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Overfishing of sharks is harming coral reefs

September 19, 2013

TORONTO, ON — A team of sci­en­tists from Cana­da and Aus­tralia have dis­cov­ered that the decline in shark pop­u­la­tions is detri­men­tal to coral reefs.

“Where shark num­bers are reduced due to com­mer­cial fish­ing, there is also a decrease in the her­biv­o­rous fish­es which play a key role in pro­mot­ing reef health,” said Jonathan Rup­pert, a recent Uni­ver­si­ty of Toron­to PhD grad­u­ate. Rup­pert was part of a team engaged in long-term mon­i­tor­ing of reefs off Aus­tralians north­west coast.

Team leader Mark Meekan of the Aus­tralian Insti­tute of Marine Sci­ence (AIMS), said that the results might, at first glance, seem strange. “How­ev­er our analy­sis sug­gests that where shark num­bers are reduced, we see a fun­da­men­tal change in the struc­ture of food chains on reefs.”

“We saw increas­ing num­bers of mid-lev­el preda­tors – such as snap­pers – and a reduc­tion in the num­ber of her­bi­vores such as par­rot­fish­es. The par­rot­fish­es are very impor­tant to coral reef health because they eat the algae that would oth­er­wise over­whelm young corals on reefs recov­er­ing from nat­ur­al dis­tur­bances,” said Meekan.

Accord­ing to Rup­pert, the study comes at an oppor­tune time – coral reefs are fac­ing a num­ber of pres­sures both from direct human activ­i­ty, such as over-fish­ing, as well as from cli­mate change.

The reefs stud­ied are about 300 kilo­me­tres off the coast of north­west Aus­tralia where Indone­sian fish­ers tar­get sharks – a prac­tice stretch­ing back sev­er­al cen­turies and which con­tin­ues under an Aus­tralian-Indone­sian mem­o­ran­dum of under­stand­ing.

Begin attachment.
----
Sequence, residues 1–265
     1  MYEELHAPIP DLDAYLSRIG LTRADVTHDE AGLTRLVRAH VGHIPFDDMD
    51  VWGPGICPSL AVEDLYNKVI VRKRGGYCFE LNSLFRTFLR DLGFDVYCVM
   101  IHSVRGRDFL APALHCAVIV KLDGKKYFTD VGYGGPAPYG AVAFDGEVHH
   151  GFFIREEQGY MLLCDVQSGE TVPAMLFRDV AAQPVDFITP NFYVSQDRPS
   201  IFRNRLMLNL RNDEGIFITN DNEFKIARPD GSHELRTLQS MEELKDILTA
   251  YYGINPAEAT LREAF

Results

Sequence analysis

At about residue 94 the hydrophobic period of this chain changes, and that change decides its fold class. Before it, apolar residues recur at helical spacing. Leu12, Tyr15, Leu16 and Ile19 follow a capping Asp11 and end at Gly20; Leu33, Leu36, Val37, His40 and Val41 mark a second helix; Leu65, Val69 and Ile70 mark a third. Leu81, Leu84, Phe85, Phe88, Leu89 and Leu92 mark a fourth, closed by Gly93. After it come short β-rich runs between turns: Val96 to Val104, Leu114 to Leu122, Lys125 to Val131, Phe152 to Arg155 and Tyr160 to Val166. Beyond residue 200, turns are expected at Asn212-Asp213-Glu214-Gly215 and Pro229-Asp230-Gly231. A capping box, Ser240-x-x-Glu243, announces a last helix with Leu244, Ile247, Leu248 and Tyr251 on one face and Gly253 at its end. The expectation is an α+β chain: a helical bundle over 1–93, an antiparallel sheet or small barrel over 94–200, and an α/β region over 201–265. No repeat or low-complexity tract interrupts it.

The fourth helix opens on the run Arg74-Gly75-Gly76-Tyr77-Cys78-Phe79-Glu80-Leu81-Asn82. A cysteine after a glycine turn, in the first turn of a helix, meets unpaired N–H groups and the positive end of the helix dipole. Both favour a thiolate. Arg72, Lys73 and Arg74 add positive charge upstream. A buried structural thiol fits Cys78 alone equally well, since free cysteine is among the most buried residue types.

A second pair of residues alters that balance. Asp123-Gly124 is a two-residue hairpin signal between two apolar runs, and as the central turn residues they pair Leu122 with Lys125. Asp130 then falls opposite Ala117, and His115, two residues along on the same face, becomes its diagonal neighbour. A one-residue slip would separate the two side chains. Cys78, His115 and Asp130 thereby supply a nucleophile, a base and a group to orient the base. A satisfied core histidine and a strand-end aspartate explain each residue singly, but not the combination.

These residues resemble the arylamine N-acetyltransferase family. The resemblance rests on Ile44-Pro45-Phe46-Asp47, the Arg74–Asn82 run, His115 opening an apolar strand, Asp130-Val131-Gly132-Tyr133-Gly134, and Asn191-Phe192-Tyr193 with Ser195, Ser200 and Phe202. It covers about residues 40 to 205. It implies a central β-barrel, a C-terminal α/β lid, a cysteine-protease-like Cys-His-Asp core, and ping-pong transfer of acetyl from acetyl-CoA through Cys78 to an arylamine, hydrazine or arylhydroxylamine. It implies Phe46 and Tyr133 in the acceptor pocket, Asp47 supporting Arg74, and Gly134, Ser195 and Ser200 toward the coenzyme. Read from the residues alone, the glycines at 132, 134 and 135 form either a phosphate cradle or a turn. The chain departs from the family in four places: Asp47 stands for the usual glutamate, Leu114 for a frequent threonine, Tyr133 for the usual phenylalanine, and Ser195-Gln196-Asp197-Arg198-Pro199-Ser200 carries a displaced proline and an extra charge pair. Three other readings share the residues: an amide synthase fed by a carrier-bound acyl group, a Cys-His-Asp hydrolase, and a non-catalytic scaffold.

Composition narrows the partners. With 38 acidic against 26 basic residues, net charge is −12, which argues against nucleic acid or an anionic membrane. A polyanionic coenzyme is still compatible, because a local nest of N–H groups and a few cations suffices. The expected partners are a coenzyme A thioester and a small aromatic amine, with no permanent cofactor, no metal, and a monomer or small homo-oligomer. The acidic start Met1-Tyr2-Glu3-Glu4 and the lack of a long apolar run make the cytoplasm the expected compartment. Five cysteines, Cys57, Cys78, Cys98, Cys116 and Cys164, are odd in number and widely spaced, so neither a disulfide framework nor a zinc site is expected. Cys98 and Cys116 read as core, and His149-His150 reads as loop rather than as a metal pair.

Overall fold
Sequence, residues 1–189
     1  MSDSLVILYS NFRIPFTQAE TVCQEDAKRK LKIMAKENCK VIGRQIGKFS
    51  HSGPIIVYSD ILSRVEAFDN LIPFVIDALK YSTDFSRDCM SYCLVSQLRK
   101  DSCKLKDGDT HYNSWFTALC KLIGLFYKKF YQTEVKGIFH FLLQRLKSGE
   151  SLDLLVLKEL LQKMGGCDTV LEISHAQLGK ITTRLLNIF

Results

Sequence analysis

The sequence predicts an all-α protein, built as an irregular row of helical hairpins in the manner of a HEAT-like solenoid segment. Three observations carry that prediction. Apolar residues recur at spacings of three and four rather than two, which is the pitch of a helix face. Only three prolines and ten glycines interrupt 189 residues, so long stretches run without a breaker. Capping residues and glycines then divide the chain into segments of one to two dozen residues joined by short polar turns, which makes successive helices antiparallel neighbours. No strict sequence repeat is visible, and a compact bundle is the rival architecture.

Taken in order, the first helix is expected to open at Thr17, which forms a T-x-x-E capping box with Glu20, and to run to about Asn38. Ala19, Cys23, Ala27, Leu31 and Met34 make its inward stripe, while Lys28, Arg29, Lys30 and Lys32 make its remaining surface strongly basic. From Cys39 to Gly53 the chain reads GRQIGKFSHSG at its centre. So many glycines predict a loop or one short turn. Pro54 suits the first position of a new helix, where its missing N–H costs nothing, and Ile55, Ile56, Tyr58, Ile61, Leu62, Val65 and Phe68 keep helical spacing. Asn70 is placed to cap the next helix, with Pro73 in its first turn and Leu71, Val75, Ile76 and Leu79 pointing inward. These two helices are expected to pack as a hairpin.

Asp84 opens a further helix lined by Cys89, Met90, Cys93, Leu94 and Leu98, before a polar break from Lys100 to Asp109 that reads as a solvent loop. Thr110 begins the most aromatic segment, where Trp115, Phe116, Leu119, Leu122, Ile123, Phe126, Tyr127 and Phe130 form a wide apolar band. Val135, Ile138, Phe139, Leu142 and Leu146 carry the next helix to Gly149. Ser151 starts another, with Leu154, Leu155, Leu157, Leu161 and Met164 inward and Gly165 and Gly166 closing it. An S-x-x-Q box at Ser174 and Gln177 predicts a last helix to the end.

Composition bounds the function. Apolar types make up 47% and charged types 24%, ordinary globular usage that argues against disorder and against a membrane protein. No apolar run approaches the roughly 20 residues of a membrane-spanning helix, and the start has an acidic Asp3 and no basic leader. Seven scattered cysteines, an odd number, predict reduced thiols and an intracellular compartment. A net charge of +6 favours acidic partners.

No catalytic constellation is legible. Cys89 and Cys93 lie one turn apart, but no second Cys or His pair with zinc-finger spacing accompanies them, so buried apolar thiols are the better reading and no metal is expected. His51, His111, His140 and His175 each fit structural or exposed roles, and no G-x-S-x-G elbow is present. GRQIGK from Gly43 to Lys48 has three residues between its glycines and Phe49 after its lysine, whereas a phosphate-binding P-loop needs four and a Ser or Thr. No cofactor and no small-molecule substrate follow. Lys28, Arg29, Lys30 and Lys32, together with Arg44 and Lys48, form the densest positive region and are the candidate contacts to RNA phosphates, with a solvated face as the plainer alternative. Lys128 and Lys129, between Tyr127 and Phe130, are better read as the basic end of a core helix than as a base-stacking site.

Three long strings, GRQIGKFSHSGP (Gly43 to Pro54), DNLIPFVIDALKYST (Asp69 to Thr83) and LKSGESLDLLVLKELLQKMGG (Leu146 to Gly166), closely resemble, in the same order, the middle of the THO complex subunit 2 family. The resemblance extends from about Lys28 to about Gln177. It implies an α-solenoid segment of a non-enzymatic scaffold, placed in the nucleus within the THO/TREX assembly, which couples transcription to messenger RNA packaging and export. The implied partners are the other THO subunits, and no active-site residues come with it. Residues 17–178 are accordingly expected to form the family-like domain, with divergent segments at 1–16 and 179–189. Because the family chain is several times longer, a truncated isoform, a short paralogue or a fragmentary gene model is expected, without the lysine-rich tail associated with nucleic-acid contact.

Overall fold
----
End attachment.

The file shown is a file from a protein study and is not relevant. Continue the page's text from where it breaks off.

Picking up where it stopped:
“The reefs pro­vid­ed us with a unique oppor­tu­ni­ty to iso­late the impact of over-fish­ing of sharks on reef resilience, and assess that impact in the broad­er con­text of cli­mate change pres­sures threat­en­ing coral reefs,” said Rup­pert. “Shark fish­ing appears to have quite dra­mat­ic effects on coral reef ecosys­tems. Giv­en that sharks are in decline on reefs world­wide, large­ly due to the shark fin trade, this infor­ma­tion may prove inte­gral to restora­tion and con­ser­va­tion efforts.”

Track­ing stud­ies show that, in many cas­es, indi­vid­ual reef sharks are close­ly attached to cer­tain coral reefs.  This means that even rel­a­tive­ly small marine-pro­tect­ed areas could be effec­tive in pro­tect­ing the top-lev­el preda­tors and allow­ing coral reefs to bet­ter able to recov­er from coral bleach­ing or large cyclones which are increas­ing in fre­quen­cy due to the warm­ing of the oceans as a result of cli­mate change.

The study will appear in the Sep­tem­ber 28issue of jour­nal PLOS One. Lead author Jonathan Rup­pert com­plet­ed his PhD at the Uni­ver­si­ty of Toron­to and was also based at AIMS for part of his research. Rup­pert is cur­rent­ly a post-doc­tor­al research asso­ciate at York Uni­ver­si­ty. Oth­er team mem­bers includ­ed Marie-Josée Fortin of U of T’s Depart­ment of Ecol­o­gy and Evo­lu­tion­ary Biol­o­gy, Michael Tra­vers of AIM and Luke Smith, the prin­ci­pal envi­ron­men­tal sci­en­tist at Wood­side Ener­gy.

The research was fund­ed by the Nat­ur­al Sci­ences and Engi­neer­ing Research Coun­cil of Cana­da and Wood­side Ener­gy of Perth, Aus­tralia.

Images are at

For more infor­ma­tion, please con­tact:

Jonathan Rup­pert, PhD
Post­doc­tor­al Research Asso­ciate
Depart­ment of Biol­o­gy, York Uni­ver­si­ty

Kim Luke
Com­mu­ni­ca­tions, Fac­ul­ty of Arts & Sci­ence
Uni­ver­si­ty of Toron­to

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